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Managing The Seemingly Inevitable Holiday Season Stress

Holiday Stress? It Can Be A Thing Of The Past!


Updated November 07, 2013

Managing The Seemingly Inevitable Holiday Season Stress

Simplifying activities and trying to really savor them are two ways of reducing holiday stress. ©iStockphoto.com

Take Shortcuts

If you can’t fathom the idea of skipping out on sending cards, baking, seeing people, and doing all of the stuff that usually runs you ragged, you may do better including all of these activities in your schedule, but on a smaller scale.

Send cards, for example, but only to those with whom you maintain regular communication. Or, don’t include a personal note or letter in each one. Find a way to simplify. The same goes for the baking -- will anyone be enraged if you buy baked goods from the bakery instead? If you find ways to cut corners or tone down the activities that are important to you and your family, you may enjoy them much more.
Read more on how to recognize and minimize holiday perfectionism.

Be Smart With Holiday Eating

During the holidays, we may want to look and feel great (especially if we're around people we don't see often--we know that this is how we'll be remembered), but there is so much temptation in the form of delicious food and decadent desserts, and a break from our regular routines--plus the addition of emotional stress--can all add up to overeating, emotional eating, and other forms of unhealthy eating. This year, plan ahead by being aware of your triggers, do what you can to have some healthy food at hand for each meal, be aware of your intake, and practice mindful eating. The resource below will provide more in-depth information on how to successfully do these things and more.
Read more on healthy holiday eating strategies.

Change Your Expectations For Togetherness

With family and friends, it’s important to be aware of your limitations. Think back to previous years and try to pinpoint how much togetherness you and your family can take before feeling negative stress. Can you limit the number of parties you attend or throw, or the time you spend at each? Can you limit your time with family to a smaller timeframe that will still feel special and joyous, without draining you?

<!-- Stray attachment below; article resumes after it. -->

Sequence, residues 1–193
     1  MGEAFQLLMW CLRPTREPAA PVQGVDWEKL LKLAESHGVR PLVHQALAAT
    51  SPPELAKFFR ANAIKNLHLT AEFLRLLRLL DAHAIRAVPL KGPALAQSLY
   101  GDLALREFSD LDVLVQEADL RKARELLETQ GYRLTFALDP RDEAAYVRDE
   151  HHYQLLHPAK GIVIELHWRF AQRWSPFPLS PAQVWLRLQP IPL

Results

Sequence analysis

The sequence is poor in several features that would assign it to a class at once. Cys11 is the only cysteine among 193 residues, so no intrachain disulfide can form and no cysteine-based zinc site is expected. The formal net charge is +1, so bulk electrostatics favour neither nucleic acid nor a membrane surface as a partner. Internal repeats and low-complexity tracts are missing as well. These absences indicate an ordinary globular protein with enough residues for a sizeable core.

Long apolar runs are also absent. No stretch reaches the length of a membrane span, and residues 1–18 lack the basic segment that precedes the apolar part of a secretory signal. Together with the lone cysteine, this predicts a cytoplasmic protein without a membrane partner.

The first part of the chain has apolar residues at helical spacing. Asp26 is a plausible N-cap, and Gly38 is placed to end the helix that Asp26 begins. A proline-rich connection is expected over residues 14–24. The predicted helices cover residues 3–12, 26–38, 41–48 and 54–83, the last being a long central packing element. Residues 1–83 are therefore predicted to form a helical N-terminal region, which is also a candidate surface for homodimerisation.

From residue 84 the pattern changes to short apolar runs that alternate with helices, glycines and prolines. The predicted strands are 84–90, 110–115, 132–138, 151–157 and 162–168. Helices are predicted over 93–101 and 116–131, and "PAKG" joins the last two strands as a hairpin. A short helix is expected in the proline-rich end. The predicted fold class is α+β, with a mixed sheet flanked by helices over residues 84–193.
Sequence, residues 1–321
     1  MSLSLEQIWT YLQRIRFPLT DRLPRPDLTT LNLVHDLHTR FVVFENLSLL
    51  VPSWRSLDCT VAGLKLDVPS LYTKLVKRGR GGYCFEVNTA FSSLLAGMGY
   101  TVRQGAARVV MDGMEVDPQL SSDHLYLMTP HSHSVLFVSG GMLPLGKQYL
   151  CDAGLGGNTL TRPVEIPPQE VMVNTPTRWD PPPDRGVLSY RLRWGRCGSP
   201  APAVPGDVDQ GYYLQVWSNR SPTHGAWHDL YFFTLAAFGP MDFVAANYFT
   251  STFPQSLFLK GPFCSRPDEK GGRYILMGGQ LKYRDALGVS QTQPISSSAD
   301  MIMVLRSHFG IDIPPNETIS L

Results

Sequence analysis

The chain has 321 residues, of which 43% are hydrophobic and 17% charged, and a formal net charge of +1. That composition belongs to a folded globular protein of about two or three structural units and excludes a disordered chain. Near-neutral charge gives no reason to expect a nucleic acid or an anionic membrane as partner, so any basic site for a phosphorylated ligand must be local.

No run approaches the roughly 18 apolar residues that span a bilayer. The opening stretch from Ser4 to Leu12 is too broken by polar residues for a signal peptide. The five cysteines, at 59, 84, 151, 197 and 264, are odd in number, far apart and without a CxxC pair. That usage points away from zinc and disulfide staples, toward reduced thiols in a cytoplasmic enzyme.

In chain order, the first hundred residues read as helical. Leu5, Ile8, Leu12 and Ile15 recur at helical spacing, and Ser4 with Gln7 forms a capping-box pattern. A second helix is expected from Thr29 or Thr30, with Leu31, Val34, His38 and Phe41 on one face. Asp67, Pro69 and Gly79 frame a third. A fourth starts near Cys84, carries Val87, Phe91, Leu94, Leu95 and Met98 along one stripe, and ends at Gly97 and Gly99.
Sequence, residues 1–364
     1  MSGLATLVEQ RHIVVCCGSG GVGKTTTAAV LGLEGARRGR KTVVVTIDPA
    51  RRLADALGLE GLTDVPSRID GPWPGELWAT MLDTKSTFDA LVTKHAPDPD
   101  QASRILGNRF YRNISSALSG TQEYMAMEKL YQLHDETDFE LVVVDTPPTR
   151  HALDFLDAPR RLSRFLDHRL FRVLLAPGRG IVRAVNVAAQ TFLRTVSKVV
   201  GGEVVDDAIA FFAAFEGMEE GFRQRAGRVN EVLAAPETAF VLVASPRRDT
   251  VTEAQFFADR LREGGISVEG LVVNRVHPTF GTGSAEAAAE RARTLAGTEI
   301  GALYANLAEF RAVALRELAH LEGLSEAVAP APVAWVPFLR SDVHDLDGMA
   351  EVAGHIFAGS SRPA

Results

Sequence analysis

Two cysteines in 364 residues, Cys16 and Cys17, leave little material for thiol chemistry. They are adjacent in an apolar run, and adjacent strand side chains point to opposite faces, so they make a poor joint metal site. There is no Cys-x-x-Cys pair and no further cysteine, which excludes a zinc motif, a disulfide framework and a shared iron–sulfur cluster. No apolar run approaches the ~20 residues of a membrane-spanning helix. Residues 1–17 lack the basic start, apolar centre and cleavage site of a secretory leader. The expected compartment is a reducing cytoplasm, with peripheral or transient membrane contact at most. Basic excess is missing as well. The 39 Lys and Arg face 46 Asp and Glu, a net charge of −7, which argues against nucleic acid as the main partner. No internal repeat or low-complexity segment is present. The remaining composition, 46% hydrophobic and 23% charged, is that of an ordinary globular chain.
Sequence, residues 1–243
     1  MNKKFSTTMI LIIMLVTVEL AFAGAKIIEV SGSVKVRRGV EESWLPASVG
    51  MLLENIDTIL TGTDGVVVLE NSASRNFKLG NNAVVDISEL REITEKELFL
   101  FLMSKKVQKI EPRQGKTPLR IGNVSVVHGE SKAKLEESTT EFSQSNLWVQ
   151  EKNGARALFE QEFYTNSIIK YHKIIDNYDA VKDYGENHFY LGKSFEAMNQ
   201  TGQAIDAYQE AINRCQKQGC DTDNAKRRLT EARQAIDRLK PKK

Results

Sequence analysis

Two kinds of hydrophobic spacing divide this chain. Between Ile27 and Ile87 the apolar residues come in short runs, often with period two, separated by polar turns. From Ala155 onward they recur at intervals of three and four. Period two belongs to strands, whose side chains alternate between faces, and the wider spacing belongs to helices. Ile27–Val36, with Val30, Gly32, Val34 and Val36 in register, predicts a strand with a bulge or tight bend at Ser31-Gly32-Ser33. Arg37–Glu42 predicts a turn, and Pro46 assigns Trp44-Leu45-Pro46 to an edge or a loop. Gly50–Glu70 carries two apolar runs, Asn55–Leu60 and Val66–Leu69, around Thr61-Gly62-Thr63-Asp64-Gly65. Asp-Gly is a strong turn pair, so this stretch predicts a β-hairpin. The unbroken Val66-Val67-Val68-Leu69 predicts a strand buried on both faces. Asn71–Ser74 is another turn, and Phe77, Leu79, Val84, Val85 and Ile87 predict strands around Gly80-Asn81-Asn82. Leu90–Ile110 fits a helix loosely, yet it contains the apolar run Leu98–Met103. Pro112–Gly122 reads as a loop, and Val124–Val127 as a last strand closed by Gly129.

Also, when dealing with difficult relatives, it’s okay to set limits on what you are and are not willing to do, including forgoing your visits or limiting them to every other year.
Read more on minimizing family conflict during the holidays.

For those who experience loneliness during the holidays, consider inviting a group of friends to your home. If virtually everyone you know is with family during the holidays, you might consider volunteering to help those less fortunate than yourself. Many people report these experiences to be extremely fulfilling, and your focus will be on what you have rather than what you lack.
Read more on how to cope with holiday loneliness.

Set A Schedule

Putting your plans on paper can show you, in black and white, how realistic they are. If you find a time management planner and fill in the hours with your scheduled activities, being realistic and including driving time and down time, you will be able to see if you’re trying to pack in too much. Start with your highest priorities, so you will be able to eliminate the less important activities. Be sure to schedule in some time to take a walk in nature each day if at all possible, as exercise and exposure to daylight can drastically reduce or even eliminate the symptoms of SAD. (If climate or other factors prohibit this, try to find some time to sit by a window and look out; several minutes of exposure to natural light, even if through a window pane, can help.)
Read more on how to set priorities when very busy.


This sounds like a no-brainer, but sometimes we forget to take deep breaths and really give our bodies the oxygen we need. It's great if you can take ten minutes by yourself to do a breathing meditation, but merely stopping to take a few deep, cleansing breaths can reduce your level of negative stress in a matter of minutes, too. If you visualize that you are breathing in serenity and breathing out stress, you will find the positive effects of this exercise to be even more pronounced.
Read on for more 5-minute stress relief strategies.

Get Ongoing Stress Information

The more stress management tools you have at your disposal, the better you will be at preventing, minimizing and managing stress as it arises. Why not give yourself the gift of ongoing stress relief this year? It's free, it can enhance your health, and it can set you on a path to enjoy life more in the coming year. You can sign up to receive free weekly tools, tips, research and information on stress by subscribing to the Stress Management Weekly Newsletter, or find it daily via Facebook or Twitter. It's all free, and it's all fun. With a little planning and a few minor but significant changes, this holiday season can bring the love and joy it was meant to bring, and leave you feeling fulfilled rather than drained.

Source: American Psychiatric Association, Diagnostic and Statistical Manual of Mental Disorders. 4th ed. Washington, D.C.: American Psychiatric Association, 1994.

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